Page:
Wednesday, February 24, 2010

How do you define love?

I have been thinking about this question since it was asked, something like two weeks, and I cannot come up with a good answer, one that either encompasses all my feelings about love or one that's sufficiently glib and humorous. So, I don't know.

I'm tempted to say that I don't define love, I just let it be, but that's a bit too flip and a bit of a cop out. Love is serious and shouldn't be passed over lightly. I could list things I love, I suppose, but that still wouldn't cover everything nor would it give a working definition. I can't think of anything better, though.

I love Momma. I love the "Anvil Chorus" from Il Trovatore. I love a good burrito. I love Golden Harvest kung fu movies. I love learning something I didn't know previously. I love to laugh. I love my friends even if I don't talk to them for years at a time. I love Hank Williams Jr.'s version of "Honky Tonkin'" that's on his MGM boxset. I love cool, sunny days when I don't have to work. I love listening to the rain. I love being part of a good groove. I love being stoned and sitting at the back of a big auditorium, as high up as possible, listening to an orchestra play. I love beagles. I love seeing my friends happy.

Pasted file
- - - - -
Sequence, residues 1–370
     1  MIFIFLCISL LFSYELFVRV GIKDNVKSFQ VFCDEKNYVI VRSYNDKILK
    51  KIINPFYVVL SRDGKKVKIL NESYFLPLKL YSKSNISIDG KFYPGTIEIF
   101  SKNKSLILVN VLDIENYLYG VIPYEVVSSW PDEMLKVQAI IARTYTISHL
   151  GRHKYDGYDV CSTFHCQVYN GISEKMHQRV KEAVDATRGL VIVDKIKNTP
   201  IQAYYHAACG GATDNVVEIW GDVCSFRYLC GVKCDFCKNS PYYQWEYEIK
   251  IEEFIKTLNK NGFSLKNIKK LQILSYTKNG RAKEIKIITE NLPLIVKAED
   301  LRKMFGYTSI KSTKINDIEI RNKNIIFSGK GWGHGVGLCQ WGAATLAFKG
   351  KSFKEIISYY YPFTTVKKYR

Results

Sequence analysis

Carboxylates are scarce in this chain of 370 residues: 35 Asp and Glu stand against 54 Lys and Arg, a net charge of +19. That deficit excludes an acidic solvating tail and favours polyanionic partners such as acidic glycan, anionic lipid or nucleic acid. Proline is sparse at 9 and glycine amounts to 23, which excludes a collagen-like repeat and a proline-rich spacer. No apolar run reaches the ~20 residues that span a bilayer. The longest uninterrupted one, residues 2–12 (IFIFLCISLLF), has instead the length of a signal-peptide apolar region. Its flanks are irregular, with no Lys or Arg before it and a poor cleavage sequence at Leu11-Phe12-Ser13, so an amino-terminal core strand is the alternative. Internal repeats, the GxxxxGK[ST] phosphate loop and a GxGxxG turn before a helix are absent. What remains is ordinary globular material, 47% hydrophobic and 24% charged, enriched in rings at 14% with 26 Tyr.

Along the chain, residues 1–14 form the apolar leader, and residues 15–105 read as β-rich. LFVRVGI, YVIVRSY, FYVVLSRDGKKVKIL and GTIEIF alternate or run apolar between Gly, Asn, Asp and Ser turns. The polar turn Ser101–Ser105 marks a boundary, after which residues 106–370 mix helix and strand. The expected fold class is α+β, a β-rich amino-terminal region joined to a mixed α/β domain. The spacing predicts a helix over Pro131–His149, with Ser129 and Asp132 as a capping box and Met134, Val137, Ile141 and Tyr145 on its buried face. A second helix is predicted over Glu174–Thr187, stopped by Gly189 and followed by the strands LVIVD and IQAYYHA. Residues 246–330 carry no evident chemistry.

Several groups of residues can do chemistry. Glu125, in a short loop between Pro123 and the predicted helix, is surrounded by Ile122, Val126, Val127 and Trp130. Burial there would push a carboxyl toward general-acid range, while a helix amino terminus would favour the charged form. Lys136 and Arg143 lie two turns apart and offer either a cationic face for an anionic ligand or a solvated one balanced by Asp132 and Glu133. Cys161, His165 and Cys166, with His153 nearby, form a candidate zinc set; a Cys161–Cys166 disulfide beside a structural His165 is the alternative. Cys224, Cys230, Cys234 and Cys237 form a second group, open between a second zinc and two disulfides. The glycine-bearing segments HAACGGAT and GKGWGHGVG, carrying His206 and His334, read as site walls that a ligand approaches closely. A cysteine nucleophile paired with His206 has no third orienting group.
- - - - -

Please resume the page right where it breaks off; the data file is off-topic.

Are we talking romantic love? I don't think I can help you there, then. Twice in my life I've told women I loved them and I really meant it at the time, but hoo boy, am I glad both of them felt they had better things to do. I know people, friends and family, in love and I'm sure of it as I'm sure my hair's read, and I love seeing that. I just have absolutely no idea how it works.

So, I guess I don't define love. Maybe it's like what Justice Potter said about pornography, I can't define love but I know it when I see it. Sorry to whomever asked the question, but that's the best I can do.

Ask me anything

Sunday, February 14, 2010

Be mine? Why?

 Okay, kids, serious question time.

 Does anyone actually like Valentine's Day? I mean, besides greeting card companies and florists, to derail any smarty pants.

 Now, granted, I'm not a big holiday guy in general. I never cared much for dressing up in any form or fashion, I don't understand why a special day or season is required so one can be nice to folks, and I'm not particularly religious or into any other form of idolatry. I've long been of the firm opinion that the universe doesn't give a damn what importance we mere mortals assign to a particular diurnal period and I've never been one for ritual.